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Word-of-mouth marketing is powerful. Edelman’s 2010 Trust Barometer shows that 44 percent of respondents trust “a person like me” as a spokesperson.“Edelman Trust Barometer 2010,” Edelman, 2010, http://www.edelman.co.uk/trustbarometer/files/edelman-trust-barometer-2010.pdf (accessed May 10, 2010). In Chapter 8 "Social Media", you learned some of the ways that marketers can tap into the media that promote this kind of trust. Messages passed on from “a person like me” is word-of-mouth marketing, and online that same message can be passed on through social media.
Viral marketing is a form of word-of-mouth marketing that aims to result in a message spreading exponentially. It takes its name from a virus because of the similarities that marketers aim to emulate:
The term “viral marketing” was probably first coined by Jeffrey Rayport in an article “The Virus of Marketing” in the December 1996 issue of Fast Company.Jeffrey Rayport, “The Virus of Marketing,” Fast Company, December 31, 1996, http://www.fastcompany.com/magazine/06/virus.html (accessed May 10, 2008). That’s not to say that there weren’t viral marketing campaigns before that, but as the Internet developed, so have the electronic tools for passing on information.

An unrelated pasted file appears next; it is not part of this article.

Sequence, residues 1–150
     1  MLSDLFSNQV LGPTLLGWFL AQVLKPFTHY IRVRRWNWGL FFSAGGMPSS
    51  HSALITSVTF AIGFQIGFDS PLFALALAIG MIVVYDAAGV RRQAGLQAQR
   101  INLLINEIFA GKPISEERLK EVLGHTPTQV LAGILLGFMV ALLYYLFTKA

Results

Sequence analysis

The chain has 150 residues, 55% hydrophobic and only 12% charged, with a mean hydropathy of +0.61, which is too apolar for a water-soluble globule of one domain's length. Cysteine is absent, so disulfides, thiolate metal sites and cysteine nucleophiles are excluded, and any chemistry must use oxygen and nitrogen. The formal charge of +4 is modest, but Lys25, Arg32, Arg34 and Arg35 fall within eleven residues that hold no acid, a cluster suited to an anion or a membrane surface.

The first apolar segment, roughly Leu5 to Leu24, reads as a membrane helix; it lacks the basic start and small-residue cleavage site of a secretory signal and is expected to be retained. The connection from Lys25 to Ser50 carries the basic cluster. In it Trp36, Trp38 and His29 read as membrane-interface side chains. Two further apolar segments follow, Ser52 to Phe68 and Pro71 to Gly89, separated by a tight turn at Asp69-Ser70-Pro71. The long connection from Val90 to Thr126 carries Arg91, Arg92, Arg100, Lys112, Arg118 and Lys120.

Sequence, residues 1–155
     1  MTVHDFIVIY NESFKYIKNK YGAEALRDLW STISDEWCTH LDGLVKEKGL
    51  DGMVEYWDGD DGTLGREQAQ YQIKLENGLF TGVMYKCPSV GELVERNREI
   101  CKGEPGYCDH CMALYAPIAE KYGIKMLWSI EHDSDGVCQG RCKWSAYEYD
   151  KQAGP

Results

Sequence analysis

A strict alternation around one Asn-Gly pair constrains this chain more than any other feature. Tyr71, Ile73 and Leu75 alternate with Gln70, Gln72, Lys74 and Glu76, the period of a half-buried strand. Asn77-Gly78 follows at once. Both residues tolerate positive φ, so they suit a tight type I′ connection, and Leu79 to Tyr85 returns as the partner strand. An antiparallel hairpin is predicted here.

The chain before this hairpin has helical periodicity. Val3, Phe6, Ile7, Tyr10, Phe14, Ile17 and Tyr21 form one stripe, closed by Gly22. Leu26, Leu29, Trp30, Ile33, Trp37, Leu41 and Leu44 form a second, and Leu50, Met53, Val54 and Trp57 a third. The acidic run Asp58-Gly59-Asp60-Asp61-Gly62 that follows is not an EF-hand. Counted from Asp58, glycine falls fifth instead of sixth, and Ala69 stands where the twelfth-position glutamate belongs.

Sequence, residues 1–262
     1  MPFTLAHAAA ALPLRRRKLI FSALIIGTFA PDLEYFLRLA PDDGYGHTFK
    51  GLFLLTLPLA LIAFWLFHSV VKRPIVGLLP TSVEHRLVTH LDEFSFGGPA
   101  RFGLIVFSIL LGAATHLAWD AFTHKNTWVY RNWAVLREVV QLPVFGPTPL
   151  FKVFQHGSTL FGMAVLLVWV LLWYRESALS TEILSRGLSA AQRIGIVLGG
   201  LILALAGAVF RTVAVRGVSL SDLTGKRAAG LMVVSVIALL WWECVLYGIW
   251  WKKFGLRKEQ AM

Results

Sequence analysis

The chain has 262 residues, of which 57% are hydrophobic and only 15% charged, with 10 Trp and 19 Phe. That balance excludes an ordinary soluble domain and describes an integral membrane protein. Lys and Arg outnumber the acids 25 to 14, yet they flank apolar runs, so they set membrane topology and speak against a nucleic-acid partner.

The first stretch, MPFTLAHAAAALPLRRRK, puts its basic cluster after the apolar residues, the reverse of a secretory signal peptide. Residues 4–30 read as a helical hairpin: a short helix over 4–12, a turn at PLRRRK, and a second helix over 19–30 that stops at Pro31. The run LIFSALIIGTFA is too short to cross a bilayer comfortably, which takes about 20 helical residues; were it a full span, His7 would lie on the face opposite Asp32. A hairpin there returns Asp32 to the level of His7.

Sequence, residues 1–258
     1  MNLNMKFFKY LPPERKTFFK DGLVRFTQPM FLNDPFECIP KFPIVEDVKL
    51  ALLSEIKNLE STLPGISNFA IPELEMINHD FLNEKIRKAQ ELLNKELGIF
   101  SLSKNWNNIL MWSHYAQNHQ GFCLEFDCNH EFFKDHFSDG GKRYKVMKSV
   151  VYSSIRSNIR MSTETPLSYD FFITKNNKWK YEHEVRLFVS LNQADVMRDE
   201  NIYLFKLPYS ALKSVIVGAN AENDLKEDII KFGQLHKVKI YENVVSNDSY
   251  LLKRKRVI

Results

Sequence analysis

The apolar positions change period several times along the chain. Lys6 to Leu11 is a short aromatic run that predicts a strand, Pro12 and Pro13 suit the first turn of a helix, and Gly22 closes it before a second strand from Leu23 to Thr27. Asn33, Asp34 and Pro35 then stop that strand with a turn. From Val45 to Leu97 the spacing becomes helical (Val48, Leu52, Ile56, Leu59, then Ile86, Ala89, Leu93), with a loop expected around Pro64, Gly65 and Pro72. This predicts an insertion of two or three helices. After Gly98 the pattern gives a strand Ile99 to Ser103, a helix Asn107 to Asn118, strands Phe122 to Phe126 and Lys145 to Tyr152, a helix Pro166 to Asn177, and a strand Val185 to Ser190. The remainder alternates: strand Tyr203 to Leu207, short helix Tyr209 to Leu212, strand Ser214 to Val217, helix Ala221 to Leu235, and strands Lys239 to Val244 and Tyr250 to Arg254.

Word of mouth has existed as long as there have been words and mouths, but it is a fairly recent phenomenon in the world of marketing. Positive word of mouth can have a tremendous impact on a brand and can take up little to nothing of the marketing department’s budget. However, planning for and measuring word of mouth can be tricky and unpredictable.
As the connected nature of the Internet has allowed for easier spreading and tracking of word-of-mouth information, it has become possible to see how this can be modeled on the spread of a virus in a population.